Question about 6to4

Ted Mittelstaedt tedm at
Fri May 15 00:16:51 CEST 2009

Ah, I get it now.  So basically in other words if I want to setup a 6to4
relay either I have
to make it private, in which case I will definitely only be de-encapsulating
6to4 traffic that is originating
from my network, or make it public, in which case I will still definitely
only be de-encapsulating
6to4 traffic that is originating from my network, but there is only a small
increased chance that I will
be re-encapsulating incoming traffic to my network and forwarding it to
customers, since it is
completely up to how far my IPv6 advertisement is propagated, but almost
certainly I will be
de-encapsulating traffic for a whole lot of other networks.
Am I correct in assuming this is a severe disincentive to putting up IPv6
public relays? ;-)
I guess that is why RFC3964 was written.  Looks like the Linksys code is a
dud, then.


From: at
[ at] On Behalf Of Steve
Sent: Thursday, May 14, 2009 2:49 PM
To: Ted Mittelstaedt
Cc: ipv6-ops at
Subject: Re: Question about 6to4

Hey Ted,
 you sort of answered your own question - the aggregate is announced as an
anycast and the v6 routing table doesn't know where the individual v6
packets are destined.

So the v6 packets find their way to the nearest 6to4 relay, that then
converts to v4 and its routed out as v4. As you say HE is one major sink for
that, as a result of them being so well connected.

Thats one of the downsides with 6to4 - the packet may go in the wrong
direction in v6 before passing through the relay and then heading in the
opposite direction to find the v4 endpoint.


On Thu, May 14, 2009 at 10:32 PM, Ted Mittelstaedt <tedm at> wrote:

Hi All,

 I apologize in advance if this has been asked before a million times but
I have what is probably a stupid question about 6to4.

 We are in process of connecting to native IPv6, I am currently getting
the IPv6 BGP table from our upstream.

 I see that Linksys is supporting IPv6 out-of-the-box in some of it's
routers, via 6to4

 I figured this might be useful for some of our customers, to setup
a 6to4 relay router for these Linksys devices to use.  I have found plenty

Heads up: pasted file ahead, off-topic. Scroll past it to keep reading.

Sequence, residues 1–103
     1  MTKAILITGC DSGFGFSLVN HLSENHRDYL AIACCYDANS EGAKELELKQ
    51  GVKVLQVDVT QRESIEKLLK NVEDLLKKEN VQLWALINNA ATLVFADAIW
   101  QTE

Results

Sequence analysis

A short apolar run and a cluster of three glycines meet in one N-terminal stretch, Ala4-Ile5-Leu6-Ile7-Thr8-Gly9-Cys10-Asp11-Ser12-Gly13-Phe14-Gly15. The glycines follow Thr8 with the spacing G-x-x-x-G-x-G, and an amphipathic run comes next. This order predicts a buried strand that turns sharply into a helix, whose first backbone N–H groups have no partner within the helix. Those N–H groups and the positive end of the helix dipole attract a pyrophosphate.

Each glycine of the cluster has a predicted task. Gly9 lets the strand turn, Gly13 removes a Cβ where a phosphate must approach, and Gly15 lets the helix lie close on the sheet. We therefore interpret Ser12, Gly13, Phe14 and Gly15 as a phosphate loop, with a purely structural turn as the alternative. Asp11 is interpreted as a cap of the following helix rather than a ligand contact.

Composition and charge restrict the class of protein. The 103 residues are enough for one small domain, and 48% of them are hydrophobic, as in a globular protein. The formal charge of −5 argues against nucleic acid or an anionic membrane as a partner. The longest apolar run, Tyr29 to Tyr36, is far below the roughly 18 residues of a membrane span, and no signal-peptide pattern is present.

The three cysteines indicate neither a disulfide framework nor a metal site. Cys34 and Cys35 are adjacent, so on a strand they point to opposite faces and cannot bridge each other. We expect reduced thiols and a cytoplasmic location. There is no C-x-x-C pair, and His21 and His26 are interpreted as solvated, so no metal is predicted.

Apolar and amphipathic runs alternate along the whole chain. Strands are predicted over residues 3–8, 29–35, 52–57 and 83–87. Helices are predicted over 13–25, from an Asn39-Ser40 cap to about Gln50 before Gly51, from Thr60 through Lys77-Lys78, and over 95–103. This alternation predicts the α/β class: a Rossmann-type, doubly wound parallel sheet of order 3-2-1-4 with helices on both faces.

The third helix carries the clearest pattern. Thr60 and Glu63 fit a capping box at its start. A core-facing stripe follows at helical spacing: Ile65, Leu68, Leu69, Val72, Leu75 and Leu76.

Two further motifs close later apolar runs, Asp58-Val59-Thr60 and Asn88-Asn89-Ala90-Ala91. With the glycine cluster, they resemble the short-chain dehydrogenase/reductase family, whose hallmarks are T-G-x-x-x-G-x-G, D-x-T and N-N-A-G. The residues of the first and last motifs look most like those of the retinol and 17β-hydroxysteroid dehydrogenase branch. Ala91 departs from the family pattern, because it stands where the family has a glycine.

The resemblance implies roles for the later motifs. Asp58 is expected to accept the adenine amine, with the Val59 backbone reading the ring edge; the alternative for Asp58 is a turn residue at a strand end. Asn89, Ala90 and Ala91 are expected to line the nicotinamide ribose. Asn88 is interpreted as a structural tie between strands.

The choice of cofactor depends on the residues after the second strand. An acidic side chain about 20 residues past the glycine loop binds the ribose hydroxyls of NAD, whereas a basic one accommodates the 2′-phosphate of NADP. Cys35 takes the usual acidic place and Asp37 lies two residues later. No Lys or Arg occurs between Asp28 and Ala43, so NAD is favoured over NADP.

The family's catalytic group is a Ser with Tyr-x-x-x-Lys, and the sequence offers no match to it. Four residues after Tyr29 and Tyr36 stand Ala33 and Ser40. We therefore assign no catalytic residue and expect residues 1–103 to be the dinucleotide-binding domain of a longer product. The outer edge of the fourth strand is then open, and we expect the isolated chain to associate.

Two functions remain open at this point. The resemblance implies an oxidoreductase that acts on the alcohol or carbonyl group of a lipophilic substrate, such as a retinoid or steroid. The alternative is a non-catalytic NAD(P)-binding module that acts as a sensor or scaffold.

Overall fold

of info on the Internet to setup a router as a 6to4 relay.

 My question concerns how exactly 6to4 -works-

 My understanding is that RFC3068 defines 2002:c058:6301:: as the
anycast for the (in this case) customer router to find the 6to4 relay I
create.  And that a 6to4 relay then uses a manufactured 2002:: IPv6
address formed by using it's IPv4 address with the 2002:: prefix, and
that any 6to4 routers tunneled into it are using their manufactured
2002:xxxx:: addresses.

 So, if this is the case then wouldn't every 6to4 relay that's advertising
on the Intenet be present in the IPv6 BGP table?

 In looking at the various IPv6 looking glasses on the Internet, I see
a handful of 2002:: routes out there.

 But there seems to be no consistency anywhere.  Most of the looking
seem to show Hurricaine Electric's 2002:: advertisement, including my
own table.

 But beyond that, the advertisements for other relays seem to exist in
one router, but not in others.

 Advertisements for native routes do seem to be consistent.

 How exactly do routers know where to forward IPv6 packets destined for
a given 6to4   2002:: address if there is no route in their table?  And if
they are just sending 6to4 traffic to HE then how does HE know what to
do with it if it's not for their network?


Network Operations - Standards & Design
Google Inc.
E: stevewilcox at
M: +44 7920 041930

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